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Rubio’s child tax credit isn’t friendly to poor families (by design).

Once upon a time, the Rubio-Lee child tax credit was the centerpiece of a newish brand of family-friendly compassionate conservatism that was said to be the future of the Republican Party. With the rise of Trumpism, Rubio’s proposal has gotten less attention, but at tonight’s Republican debate in South Carolina the senator was given a chance to defend it from the accusation of liberal-esque social engineering.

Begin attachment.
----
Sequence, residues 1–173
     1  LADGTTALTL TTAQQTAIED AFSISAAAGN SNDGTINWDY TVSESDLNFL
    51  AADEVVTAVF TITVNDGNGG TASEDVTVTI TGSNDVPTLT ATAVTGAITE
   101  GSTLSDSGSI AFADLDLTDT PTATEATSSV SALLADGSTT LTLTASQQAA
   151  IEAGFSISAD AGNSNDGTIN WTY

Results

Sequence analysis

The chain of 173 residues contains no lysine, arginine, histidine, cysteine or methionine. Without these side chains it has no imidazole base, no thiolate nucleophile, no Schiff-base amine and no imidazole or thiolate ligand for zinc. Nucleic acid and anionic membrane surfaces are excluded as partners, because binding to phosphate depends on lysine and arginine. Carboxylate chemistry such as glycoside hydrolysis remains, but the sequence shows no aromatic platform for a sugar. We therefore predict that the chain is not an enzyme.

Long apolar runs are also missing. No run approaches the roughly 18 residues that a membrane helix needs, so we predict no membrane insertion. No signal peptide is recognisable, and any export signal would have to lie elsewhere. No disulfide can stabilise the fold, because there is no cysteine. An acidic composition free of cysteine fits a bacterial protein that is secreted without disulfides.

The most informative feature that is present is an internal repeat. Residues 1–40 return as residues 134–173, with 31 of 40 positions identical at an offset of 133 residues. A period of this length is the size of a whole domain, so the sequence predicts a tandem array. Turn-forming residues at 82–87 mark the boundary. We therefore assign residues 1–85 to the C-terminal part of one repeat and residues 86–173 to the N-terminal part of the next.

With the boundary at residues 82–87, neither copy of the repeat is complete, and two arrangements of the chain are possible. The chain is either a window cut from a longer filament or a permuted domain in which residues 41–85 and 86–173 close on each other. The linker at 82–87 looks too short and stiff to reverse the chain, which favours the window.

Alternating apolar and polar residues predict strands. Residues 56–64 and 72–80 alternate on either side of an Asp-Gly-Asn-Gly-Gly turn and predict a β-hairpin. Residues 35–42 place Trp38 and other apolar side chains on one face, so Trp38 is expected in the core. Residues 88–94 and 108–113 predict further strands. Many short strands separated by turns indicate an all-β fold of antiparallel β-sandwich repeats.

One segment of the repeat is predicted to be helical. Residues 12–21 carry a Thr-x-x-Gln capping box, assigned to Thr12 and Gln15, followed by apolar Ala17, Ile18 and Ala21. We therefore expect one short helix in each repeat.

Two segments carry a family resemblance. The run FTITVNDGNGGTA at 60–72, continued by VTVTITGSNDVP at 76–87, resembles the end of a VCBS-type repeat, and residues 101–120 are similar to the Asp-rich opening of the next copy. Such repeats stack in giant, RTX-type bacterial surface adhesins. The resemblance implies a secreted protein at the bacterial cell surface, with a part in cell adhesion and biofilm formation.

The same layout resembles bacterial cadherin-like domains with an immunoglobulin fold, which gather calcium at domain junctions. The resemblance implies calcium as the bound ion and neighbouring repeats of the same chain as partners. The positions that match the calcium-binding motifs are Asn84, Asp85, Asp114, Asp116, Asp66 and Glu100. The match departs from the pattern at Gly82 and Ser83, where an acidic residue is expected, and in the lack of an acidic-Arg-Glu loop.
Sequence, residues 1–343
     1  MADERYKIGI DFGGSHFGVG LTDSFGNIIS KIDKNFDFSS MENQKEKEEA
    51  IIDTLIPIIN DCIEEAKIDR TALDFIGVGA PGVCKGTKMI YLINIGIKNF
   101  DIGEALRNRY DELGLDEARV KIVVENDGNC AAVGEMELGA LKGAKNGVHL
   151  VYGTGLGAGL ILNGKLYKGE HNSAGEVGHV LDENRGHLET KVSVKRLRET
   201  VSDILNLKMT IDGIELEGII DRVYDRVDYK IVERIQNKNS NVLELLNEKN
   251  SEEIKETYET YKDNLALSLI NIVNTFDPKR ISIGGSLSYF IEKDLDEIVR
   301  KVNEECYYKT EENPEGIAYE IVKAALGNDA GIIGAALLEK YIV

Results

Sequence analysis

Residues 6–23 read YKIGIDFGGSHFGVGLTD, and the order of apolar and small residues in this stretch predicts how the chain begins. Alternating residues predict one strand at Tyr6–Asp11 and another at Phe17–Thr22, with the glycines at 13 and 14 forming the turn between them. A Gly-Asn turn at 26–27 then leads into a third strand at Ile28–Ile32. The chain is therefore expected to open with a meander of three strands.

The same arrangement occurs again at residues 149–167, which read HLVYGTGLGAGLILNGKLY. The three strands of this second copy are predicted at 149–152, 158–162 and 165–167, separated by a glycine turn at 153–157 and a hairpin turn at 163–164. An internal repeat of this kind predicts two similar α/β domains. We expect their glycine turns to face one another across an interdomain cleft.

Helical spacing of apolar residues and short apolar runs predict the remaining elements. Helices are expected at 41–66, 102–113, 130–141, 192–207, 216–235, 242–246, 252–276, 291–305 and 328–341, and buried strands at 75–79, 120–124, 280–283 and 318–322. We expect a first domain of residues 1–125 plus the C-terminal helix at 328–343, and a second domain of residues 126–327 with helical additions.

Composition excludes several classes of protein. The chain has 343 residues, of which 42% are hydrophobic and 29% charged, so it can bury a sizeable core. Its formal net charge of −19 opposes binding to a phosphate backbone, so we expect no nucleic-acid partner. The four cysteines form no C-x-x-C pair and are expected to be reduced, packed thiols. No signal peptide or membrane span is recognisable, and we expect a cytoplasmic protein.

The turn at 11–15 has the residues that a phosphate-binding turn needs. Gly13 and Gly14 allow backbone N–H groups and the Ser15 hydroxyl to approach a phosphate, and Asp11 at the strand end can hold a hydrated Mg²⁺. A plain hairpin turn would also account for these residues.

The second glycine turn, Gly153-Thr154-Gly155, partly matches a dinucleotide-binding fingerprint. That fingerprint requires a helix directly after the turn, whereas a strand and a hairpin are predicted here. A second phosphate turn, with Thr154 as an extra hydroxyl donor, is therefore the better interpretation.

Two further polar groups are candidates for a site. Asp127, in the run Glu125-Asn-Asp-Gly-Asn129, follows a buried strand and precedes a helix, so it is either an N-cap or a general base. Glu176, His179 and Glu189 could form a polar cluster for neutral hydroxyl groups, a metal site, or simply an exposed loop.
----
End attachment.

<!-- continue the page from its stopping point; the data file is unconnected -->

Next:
“Parenting is the most important job many of us will have,” Rubio said, adding that raising children is one of the most important jobs in society at large. Parents should be helped, he argued, to “invest in their children, to go to school, to go to a private school, to buy a new backpack.” 

“Family is the most important institution in society,” he went on, to applause. “You cannot have a strong country without strong families.” 

True. But Rubio’s tax credit is not fully refundable, meaning that the poorest families will benefit least from it. It’s not clear if this is a feature of Rubio’s plan, or a bug; some of his defenders have praised the credit’s meager provisions for poor families as a useful correction for naughty single mothers. So much for parenting being the most important job there is.